The branch lines that run North from Cresson are run by R. J. Corman.  One branch goes to a coal loader at Fallen Timber.  The other, wends its way on to Clearfield and beyond and has other branches off it too.  Clearfield  is the centre of operations for R. J. Corman in the region.  We had a day out on the Corman branches and one of Tom's other guests elected to come along with us.  A gentleman called Al from Detroit.  Very interesting company and works in the car industry would you believe?  Here is one of Corman's trains coming down the middle of a street in Clearfield.  The loco's are SD40-2's and there is another pair on the back end.  These red coal hoppers are only used on Corman's lines and don't venture out onto the main.


There are many places of interest you can visit on a day trip from Cresson.  We ventured one day to West Brownsville.  The reason for the trek there was to see the freight trains on NS that run down the middle of the street.  There are other locations where Street Running takes place I know but this is a good one.  There are many trains in a day too and some CSX trains come along here.  CSX runs through Brownsville and the two lines are connected by a bridge on the North of the two towns.  The line leads to several mines in the area and they run big trains, up to about 130 coal hoppers.  It's fair to say that West Brownsville, and indeed Brownsville on the East side of the Monongahela river, have seen better days but it's still a friendly little place.  The train below is the local led by an NS Dash9-40CW and a GP38-2.


On our way back to Cresson that afternoon we called at Connelsville which is on the CSX main line between Baltimore and Pittsburgh.  Here is a Westbound car train (autoracks) making a crew change.  It is hauled by a Dash9-44CW and a Dash8-40C.  The pair of engines on the right are an AC4400CW and an AC6000CW waiting to attach to the rear of an Eastbound coal train and assist it over Sandpatch grade.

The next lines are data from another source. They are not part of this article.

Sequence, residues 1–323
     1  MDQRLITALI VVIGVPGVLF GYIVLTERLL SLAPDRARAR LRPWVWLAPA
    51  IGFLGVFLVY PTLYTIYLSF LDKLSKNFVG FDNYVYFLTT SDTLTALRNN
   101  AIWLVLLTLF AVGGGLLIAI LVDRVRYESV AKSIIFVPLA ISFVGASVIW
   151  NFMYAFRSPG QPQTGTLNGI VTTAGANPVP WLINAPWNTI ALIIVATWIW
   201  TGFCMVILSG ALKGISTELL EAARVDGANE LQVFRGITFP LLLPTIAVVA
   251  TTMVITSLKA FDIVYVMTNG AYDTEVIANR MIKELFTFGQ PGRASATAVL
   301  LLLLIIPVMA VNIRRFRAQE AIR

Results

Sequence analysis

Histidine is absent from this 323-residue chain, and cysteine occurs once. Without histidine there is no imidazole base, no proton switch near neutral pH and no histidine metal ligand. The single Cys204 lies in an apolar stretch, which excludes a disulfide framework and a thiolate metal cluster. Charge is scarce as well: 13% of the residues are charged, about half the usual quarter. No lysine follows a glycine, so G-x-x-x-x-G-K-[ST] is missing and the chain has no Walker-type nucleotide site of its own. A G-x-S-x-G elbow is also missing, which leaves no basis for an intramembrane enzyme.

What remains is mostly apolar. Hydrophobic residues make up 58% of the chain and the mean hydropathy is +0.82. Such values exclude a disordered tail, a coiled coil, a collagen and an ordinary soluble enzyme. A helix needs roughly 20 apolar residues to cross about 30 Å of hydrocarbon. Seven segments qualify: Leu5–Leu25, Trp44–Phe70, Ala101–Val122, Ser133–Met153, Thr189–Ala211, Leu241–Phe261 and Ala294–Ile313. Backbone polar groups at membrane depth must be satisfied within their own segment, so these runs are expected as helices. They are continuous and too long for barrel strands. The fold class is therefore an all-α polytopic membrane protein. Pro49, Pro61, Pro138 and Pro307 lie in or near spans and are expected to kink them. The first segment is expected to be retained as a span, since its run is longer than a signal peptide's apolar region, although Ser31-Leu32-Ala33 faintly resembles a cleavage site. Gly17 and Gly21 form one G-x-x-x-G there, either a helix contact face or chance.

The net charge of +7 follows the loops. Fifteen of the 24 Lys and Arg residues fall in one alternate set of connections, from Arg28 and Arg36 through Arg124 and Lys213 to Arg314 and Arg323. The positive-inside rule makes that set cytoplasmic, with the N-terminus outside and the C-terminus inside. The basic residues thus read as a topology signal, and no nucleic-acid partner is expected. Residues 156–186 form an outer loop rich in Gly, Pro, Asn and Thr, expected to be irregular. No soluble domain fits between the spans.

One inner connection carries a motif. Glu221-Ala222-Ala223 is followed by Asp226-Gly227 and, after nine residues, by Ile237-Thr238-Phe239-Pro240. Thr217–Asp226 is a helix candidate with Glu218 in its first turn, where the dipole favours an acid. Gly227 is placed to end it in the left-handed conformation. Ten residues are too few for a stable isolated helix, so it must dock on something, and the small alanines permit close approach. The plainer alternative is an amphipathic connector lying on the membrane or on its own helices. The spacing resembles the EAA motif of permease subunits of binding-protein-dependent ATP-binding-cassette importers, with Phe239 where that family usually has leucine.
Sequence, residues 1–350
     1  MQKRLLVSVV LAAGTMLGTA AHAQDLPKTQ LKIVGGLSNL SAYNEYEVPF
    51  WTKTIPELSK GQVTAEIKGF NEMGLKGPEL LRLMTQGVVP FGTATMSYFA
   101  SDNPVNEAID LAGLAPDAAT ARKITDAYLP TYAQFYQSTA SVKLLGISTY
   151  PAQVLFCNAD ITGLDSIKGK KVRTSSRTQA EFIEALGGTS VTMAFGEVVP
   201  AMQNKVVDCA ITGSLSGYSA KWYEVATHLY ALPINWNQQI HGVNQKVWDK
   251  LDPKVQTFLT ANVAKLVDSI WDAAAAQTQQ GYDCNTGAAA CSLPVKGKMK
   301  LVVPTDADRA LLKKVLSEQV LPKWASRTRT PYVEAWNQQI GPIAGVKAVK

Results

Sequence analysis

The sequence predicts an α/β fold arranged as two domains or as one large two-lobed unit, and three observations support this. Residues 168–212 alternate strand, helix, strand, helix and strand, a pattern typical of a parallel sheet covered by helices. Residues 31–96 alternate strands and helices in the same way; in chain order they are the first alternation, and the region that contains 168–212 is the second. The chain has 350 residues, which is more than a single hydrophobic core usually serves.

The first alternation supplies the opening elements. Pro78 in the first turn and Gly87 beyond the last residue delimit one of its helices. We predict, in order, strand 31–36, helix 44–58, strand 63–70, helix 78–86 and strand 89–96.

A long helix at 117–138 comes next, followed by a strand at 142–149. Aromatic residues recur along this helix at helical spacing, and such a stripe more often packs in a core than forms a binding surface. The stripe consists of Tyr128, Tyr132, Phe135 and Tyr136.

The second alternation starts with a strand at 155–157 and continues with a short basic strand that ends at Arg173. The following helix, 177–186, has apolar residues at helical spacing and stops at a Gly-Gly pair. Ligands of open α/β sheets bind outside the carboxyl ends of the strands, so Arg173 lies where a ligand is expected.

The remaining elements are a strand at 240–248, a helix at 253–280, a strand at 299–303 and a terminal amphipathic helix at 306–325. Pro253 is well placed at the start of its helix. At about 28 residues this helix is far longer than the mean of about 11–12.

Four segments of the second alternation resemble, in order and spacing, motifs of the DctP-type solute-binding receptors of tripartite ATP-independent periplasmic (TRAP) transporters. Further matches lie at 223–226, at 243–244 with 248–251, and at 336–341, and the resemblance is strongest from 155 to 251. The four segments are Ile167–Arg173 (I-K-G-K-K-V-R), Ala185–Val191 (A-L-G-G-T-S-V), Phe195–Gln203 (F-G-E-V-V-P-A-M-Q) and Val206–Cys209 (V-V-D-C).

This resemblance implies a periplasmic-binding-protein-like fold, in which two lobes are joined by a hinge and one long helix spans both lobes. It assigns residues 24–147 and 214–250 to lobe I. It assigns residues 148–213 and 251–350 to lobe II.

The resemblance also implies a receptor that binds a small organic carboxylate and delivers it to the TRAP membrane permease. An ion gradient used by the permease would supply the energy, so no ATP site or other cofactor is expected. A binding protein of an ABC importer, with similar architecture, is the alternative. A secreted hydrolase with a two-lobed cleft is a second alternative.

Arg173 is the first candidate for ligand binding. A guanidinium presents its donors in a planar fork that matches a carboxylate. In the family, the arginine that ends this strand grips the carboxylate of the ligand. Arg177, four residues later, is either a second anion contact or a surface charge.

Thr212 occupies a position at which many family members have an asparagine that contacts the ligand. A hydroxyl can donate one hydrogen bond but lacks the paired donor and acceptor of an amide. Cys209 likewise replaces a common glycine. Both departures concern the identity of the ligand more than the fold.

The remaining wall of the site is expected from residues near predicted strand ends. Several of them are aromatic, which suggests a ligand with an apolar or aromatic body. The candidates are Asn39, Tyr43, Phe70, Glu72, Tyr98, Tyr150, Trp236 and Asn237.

Among the rest of the melee at Cresson, there is a scrap yard belonging to the Cresson Steel Company.  The yard manager, very friendly gent named George Kuzar kindly allowed us in to get some pictures of some former NS locomotives they were cutting up.  One engine was well gone and this sorry line up were waiting their turn.  They are 6 SD40's and an SD38.  They look like they've been standing for some time.


Getting back to the Station Inn, Tom Davis is looking very relaxed as he checks out the latest issue of Trains Magazine on the Veranda.  It is indeed relaxing to spend a day here just sitting watching the trains go by.


The main line is 3 tracks.  Here is a train of tankers coming through Cresson heading West.  It is passing the stabling / servicing point on the left.  The tanker train is on track 3.  On the right, a helper set, a pair of SD40E's, is on track 1.  This tanker train, headed by an ES40DC and an SD70M-2, is known coloquially by railway men as "The Bomb".  It is an Ethanol train and due to is Hazardous nature, it has barrier wagons front and rear.


A good time was had by all.  One thing I would defy anyone to do is visit Cresson and not travel home planning their next visit.